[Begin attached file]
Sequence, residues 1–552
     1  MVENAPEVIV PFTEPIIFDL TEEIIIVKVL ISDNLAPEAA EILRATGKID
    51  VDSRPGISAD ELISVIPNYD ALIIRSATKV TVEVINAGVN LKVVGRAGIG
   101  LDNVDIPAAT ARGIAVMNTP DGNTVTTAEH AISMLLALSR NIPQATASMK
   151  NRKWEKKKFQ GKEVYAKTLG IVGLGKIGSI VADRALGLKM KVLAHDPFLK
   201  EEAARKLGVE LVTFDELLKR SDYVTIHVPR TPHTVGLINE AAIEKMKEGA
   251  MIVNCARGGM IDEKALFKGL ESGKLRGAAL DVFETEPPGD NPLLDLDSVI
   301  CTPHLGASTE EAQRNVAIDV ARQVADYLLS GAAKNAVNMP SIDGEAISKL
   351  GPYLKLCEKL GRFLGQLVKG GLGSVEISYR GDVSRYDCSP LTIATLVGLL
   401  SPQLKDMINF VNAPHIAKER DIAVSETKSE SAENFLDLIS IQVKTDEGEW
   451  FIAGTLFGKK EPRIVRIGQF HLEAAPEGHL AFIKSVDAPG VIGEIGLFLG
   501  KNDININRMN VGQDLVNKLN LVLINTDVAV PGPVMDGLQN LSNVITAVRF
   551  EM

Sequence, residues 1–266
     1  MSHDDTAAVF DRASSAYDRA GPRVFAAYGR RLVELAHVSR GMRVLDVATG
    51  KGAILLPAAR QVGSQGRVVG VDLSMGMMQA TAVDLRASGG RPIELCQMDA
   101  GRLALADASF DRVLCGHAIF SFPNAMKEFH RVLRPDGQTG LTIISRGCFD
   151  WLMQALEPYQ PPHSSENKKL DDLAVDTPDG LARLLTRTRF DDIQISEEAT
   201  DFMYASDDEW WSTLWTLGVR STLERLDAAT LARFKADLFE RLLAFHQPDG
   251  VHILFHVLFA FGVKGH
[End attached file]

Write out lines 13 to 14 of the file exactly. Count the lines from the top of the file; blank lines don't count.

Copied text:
   551  EM

Sequence, residues 1–266